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Title:A cognitive poetics of the threat scene: How movies scare us
Author(s):Baird, Robert Thomas
Doctoral Committee Chair(s):Carringer, Robert L.
Department / Program:English
Degree Granting Institution:University of Illinois at Urbana-Champaign
Subject(s):Psychology, General
Mass Communications
Abstract:This dissertation analyzes horror and thriller films in light of contemporary cognitive psychology and film theory in order to understand how they inspire fear, startle, and disgust in spectators. Films like Cat People, John Carpenter's Halloween, and Ridley Scott's Alien contain what I term threat scenes, moments where characters are threatened by offscreen menaces. By suggesting threats in offscreen space, filmmakers can accentuate fear by encouraging a greater imaginative investment from spectators. Val Lewton's 1940s horror films established the threat scene and startle effect as we know them today, but later films increased and intensified them, contributing to what is popularly considered film "sensationalism." The contradiction that spectators can be frightened and startled by films they know to be fictional is explained as a result of the mind's use of parallel processing. Thus, bottom-up cognitive processes like spatial monitoring are largely involuntary, Darwinian adaptations that operate in spite of conscious reason's knowledge of film artifice. Threat scenes also engage the cognitive imagination when they partially reveal threats onscreen, but obscure them through masking, graphic metonymy, and the use of doors. Such techniques can be found in films as diverse as Fatal Attraction, Silence of the Lambs, and Jurassic Park. Unlike fear and startle, disgust is largely an onscreen phenomenon. However, disgust does involve the cognitive imagination, namely the empathetic projection of a human or biological schema onto a verisimilar representation that has been disfigured. Steven Spielberg's Jurassic Park reveals the apogee of the threat scene as spectacle. Analysis of the film and its production history shows a well-orchestrated strategy of animalizing dinosaurs. By modeling dinosaurs on real animals and their mediated appearance, the Jurassic Park filmmakers were able to tap a global, largely extra-conscious cognitive appreciation of animal form, motion, and sound. This dissertation challenges contemporary models of the film spectator that tend either to endorse seamless determinism in films or seamless activity and agency in viewers. Parallel, modular cognition, though, offers theoretical space for both film's manipulations of the viewer and the viewer's manipulations of film.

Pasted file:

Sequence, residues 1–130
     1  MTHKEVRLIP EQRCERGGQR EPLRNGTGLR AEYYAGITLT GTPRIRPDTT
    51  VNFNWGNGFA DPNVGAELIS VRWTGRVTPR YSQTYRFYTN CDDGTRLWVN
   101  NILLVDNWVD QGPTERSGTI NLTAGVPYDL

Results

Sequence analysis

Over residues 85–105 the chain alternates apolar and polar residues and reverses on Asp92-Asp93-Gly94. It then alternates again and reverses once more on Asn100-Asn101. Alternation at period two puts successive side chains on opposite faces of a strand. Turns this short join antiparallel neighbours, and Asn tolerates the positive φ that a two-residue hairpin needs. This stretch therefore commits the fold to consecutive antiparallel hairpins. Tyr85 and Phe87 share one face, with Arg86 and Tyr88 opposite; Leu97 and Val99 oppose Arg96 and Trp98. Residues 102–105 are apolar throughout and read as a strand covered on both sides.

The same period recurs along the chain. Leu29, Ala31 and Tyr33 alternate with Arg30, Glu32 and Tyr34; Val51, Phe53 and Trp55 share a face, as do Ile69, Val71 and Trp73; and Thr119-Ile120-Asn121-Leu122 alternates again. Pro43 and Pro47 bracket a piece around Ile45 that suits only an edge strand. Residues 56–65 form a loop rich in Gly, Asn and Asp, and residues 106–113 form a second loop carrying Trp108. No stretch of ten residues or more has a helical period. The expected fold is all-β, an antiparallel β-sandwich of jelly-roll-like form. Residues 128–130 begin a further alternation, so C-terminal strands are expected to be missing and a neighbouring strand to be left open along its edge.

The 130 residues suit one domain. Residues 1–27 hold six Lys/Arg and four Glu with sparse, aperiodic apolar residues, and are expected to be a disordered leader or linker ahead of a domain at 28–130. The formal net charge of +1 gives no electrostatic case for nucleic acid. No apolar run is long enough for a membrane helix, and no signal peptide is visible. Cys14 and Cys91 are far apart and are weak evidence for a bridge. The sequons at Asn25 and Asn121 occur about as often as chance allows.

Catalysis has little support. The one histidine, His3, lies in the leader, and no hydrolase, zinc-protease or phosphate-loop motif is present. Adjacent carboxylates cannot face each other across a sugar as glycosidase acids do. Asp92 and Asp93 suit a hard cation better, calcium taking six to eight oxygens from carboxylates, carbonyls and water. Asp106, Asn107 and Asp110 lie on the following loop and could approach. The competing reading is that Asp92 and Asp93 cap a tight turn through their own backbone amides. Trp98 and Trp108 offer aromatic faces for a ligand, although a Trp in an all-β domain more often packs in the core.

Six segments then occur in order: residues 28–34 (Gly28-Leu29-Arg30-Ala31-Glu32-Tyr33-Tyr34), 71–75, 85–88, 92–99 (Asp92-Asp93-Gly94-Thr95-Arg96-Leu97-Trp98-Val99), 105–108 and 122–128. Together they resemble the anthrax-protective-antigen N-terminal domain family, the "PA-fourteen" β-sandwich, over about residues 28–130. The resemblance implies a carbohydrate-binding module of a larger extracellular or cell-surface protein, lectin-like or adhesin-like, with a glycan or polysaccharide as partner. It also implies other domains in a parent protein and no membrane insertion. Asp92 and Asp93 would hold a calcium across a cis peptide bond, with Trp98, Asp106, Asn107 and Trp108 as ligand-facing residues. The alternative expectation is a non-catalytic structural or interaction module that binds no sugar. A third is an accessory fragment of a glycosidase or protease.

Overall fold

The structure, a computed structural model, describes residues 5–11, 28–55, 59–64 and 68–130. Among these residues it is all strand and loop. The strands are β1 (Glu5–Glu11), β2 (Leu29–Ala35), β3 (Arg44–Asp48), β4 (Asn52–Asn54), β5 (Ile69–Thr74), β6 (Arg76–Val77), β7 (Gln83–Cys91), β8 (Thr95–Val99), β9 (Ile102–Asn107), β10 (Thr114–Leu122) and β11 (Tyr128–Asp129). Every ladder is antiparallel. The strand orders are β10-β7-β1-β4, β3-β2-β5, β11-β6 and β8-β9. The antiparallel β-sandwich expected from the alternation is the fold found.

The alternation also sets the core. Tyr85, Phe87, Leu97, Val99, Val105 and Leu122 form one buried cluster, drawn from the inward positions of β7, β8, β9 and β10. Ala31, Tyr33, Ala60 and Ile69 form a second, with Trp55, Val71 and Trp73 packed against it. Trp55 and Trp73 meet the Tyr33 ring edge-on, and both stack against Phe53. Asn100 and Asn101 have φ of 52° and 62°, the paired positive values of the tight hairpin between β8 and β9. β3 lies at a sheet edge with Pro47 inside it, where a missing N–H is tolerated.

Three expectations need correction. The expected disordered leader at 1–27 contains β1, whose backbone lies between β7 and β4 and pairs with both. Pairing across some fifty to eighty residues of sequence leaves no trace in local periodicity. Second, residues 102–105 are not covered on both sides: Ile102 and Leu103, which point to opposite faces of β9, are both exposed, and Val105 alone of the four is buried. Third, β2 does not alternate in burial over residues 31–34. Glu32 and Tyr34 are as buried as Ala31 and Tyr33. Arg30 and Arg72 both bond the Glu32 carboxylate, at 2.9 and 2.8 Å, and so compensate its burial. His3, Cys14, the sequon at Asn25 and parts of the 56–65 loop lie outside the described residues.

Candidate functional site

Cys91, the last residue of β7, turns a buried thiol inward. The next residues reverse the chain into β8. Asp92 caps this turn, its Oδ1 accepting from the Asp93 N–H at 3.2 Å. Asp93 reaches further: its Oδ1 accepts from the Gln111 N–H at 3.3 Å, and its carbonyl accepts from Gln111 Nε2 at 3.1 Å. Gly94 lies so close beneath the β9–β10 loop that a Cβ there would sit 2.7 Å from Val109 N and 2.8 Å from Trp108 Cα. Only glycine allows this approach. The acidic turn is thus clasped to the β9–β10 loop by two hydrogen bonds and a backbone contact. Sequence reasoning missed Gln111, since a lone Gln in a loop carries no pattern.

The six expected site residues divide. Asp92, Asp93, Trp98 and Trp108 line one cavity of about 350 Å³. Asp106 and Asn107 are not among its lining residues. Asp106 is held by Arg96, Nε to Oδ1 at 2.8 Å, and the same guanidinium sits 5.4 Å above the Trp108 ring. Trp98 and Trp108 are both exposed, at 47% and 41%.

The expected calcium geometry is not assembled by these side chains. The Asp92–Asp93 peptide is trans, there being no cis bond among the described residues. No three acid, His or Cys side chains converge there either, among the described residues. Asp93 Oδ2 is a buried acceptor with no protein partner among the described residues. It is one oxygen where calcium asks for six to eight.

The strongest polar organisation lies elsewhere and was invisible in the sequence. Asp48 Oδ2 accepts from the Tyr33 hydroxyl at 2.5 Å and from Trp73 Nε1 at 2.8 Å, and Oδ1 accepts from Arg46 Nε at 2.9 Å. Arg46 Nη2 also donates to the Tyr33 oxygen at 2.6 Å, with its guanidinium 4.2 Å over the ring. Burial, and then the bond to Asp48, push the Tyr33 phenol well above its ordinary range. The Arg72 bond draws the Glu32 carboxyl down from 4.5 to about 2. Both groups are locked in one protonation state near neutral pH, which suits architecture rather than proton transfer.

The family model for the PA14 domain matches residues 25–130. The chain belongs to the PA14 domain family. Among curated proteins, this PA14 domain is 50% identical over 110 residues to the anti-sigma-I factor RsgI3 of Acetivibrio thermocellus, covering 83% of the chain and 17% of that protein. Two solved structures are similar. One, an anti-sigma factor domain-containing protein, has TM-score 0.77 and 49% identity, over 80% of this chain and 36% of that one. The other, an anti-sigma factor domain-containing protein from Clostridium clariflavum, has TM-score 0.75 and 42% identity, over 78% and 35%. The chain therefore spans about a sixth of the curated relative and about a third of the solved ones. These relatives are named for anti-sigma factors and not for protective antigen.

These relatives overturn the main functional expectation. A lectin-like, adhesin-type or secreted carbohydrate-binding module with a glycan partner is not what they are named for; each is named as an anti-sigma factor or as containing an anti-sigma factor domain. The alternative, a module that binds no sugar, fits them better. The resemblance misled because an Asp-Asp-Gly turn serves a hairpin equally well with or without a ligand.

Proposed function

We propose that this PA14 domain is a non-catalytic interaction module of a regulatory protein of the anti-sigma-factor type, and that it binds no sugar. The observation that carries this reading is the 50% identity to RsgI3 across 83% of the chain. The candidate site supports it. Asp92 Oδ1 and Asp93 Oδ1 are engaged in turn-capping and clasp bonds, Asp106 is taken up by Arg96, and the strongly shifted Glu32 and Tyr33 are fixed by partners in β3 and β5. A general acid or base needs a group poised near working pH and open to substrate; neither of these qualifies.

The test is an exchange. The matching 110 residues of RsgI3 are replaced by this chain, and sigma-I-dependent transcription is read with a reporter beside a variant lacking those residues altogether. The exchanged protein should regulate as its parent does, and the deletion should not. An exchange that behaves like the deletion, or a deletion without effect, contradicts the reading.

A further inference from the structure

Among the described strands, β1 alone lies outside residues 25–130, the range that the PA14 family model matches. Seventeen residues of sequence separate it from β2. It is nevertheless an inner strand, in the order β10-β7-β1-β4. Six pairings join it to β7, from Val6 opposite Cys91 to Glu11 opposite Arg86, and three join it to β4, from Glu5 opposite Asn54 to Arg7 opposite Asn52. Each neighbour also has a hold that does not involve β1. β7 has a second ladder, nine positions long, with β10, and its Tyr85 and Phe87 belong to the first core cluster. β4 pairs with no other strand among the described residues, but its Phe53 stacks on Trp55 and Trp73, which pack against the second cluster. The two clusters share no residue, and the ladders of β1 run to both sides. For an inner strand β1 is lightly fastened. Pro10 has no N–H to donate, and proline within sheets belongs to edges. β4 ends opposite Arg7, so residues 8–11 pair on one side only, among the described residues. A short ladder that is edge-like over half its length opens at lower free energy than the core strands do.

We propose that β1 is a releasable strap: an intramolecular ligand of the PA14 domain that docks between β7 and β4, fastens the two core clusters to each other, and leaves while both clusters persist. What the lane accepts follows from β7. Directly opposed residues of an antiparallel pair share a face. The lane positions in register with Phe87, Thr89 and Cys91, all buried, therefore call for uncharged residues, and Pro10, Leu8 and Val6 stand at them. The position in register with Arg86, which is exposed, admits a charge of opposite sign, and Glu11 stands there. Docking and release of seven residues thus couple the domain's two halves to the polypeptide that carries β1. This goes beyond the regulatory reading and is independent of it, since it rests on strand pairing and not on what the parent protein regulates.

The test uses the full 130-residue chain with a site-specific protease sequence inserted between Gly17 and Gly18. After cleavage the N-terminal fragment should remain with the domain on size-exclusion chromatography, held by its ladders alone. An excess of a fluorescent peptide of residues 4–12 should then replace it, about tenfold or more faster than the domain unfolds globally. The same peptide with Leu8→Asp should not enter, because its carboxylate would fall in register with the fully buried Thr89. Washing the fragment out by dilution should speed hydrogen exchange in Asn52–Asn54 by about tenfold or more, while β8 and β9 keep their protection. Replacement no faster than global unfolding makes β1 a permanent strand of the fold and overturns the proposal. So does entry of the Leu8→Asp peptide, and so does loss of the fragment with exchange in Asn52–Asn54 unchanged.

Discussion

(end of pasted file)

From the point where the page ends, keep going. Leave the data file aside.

Issue Date:1995
Rights Information:Copyright 1995 Baird, Robert Thomas
Date Available in IDEALS:2011-05-07
Identifier in Online Catalog:AAI9624281
OCLC Identifier:(UMI)AAI9624281

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